After being met by a magical wizard, Billy miraculously is transformed into superhero Shazam! As Kendrick Lamar's HUMBLE tunefully plays out - Billy discovers his abilities with a fair amount of punching, flying and flossing throughout the journey. As an original slant on the super heroic, Shazam! seems heavily inspired by 1988's Big which is both its best and worse quality - Shazam! seems fairly unique and certainly fun but it runs the risk of being more than a little goofy - and not that super. DC may go from one extreme to the next, dark and brooding to Marvel's current silly, funny, gag-tastic style.
Hopefully the excellent music choice is reflective of how the film will be executed as a whole: refreshing, stylish and edgy. Zachary Levi offers a lightening bolt zap full of charisma and hints at a family friendly, DC Deadpool equivalent (imagine!). I think the Christmas setting will add a lot of character to Shazam! as very few superhero flicks take place in the holiday season - it's just a shame the movie releases in April. DC might hit a home run with a smaller scale story but it's got to limit the goofiness to a certain degree.
San Diego Comic Con was full of surprises, perhaps the biggest and most refreshing was DC stealing the spotlight from Marvel, who have been top dogs for so many years. Fans of the DCEU - or the newly retitled "Worlds of DC" - basked in the glory of Aquaman and Shazam! whilst emerging news from the smaller screen confirmed the return of favourites The Flash, Supergirl and Black Lightning and the trailer debut of Teen Titans. In a dramatic turn of events however Guardians of the Galaxy director James Gunn was fired from Guardians Vol 3 following the necroposting of thousands of offensive tweets from years ago. Yes, Comic Con was not so marvelous this year but appointed DC with some much needed attention after years of dark, brooding and particularly messy film making. Aside the odd exception, things may actually be looking up for the not so doomed DC universe.
As the December release date rapidly approaches with no news, stills or public footage to its name many fans assumed Aquaman was a sinking ship before it had even left shore. That was until Jason Momoa crashed into Comic Con like a tsunami of nerdy, comic book delight.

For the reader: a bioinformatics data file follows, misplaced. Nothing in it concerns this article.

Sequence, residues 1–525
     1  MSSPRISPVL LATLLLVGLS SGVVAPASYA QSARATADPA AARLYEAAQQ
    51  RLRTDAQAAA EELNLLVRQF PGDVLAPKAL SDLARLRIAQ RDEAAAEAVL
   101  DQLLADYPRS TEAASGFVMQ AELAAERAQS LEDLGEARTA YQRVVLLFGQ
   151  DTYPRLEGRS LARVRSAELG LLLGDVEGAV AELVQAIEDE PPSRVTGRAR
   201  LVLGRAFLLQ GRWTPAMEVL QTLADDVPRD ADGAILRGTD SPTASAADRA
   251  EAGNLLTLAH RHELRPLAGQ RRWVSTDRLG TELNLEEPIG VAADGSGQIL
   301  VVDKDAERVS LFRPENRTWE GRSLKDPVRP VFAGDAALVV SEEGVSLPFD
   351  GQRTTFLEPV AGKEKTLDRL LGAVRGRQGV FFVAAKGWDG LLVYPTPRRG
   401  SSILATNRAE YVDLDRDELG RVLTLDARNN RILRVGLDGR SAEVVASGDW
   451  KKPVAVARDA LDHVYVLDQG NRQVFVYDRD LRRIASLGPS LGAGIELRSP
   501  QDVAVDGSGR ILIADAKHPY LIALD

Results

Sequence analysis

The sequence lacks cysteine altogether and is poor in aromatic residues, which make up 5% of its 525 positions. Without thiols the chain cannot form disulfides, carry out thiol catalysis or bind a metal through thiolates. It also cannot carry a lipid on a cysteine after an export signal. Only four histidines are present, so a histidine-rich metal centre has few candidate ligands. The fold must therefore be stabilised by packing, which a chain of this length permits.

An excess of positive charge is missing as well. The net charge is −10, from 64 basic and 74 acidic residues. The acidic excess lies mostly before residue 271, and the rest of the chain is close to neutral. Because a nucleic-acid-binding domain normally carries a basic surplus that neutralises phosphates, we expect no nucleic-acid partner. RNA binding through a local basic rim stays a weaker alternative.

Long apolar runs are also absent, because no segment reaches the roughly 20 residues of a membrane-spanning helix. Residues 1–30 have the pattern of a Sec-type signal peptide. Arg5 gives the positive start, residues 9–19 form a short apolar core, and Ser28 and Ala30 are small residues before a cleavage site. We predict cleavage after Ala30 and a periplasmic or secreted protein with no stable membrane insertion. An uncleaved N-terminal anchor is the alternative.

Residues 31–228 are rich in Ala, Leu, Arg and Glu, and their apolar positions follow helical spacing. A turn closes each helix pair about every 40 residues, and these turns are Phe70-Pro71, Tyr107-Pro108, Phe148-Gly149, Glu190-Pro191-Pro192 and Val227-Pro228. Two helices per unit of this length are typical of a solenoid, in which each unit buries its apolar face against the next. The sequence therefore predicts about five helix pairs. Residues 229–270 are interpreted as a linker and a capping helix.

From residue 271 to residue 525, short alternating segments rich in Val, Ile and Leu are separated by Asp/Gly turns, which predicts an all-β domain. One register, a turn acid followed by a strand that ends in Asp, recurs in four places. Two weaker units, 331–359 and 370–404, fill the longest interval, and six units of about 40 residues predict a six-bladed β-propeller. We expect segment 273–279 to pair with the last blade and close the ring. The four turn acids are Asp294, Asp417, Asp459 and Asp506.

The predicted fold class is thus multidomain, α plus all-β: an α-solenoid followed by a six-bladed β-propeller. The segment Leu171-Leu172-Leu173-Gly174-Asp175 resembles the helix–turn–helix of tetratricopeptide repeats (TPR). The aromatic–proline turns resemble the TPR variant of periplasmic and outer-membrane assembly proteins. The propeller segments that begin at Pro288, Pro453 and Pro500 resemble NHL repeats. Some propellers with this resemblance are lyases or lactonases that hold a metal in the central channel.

The trailer begins with Jason Curry (Aquaman) monologuing about his origins over some particularly dark DC house style images of a lighthouse during a storm. Lighthouse keeper Thomas Curry rescues the Queen of Atlantis (Nichole Kidman). Years pass. Arthur is born and grows. Then during what looks like a school field trip to the Aquarium he learns of his fish friendly powers - his eyes burst into shades of yellow after communicating with the shark life in the tank. This sequence is simple but effective, demonstrating the uniqueness of the character early on and highlighting his authority as a hero.
Flash-forward about thirty years and the wise cracking, bundle of energy Aquaman crashes through a submarine hatch in all his seven seas glory. The camera pans upwards towards his steely glare as he turns to his left and smoothly requests "Permission to come aboard". From this scene alone Aquaman - or Momoa to call him by his above water name - establishes himself as a cheeky and appealing hero who demonstrates some distinct Thor like qualities.
Plot wise he is introduced to Mera (Amber Heard) who reveals he has claim to the throne of the underwater kingdom of Atlantis, although his half brother Orm is preparing to declare war on the surface world. He follows Mera as they dive into the hidden city - visually astounding as coral reef towers overhead, turtles, sharks and various aqua-mobiles swim by - drawing comparisons to the revelation of Wakanda. The story seems to follow the same "claiming my rightful place as king" formula as Black Panther though. Even though Aquaman stands out visually, director James Wan is going to have quite the job in steering the story through a format we've experienced time and time again - which is beginning to struggle for any real originality.
Initially Aquaman looks nice, it has touches of Pirates of the Caribbean and Percy Jackson but faces the tough task of standing out in a massively overcrowded genre. Ironically the tricky underwater visuals seem fantastic but the above sea level cinematography uses clumsy green screen and a poor one at that. If Aquaman can tidy up the visuals, utilise the directing talent to its best ability as well as its lead man - then DC may be swimming into calmer water after all.
Aquaman washes ashore into cinemas 21st December 2018.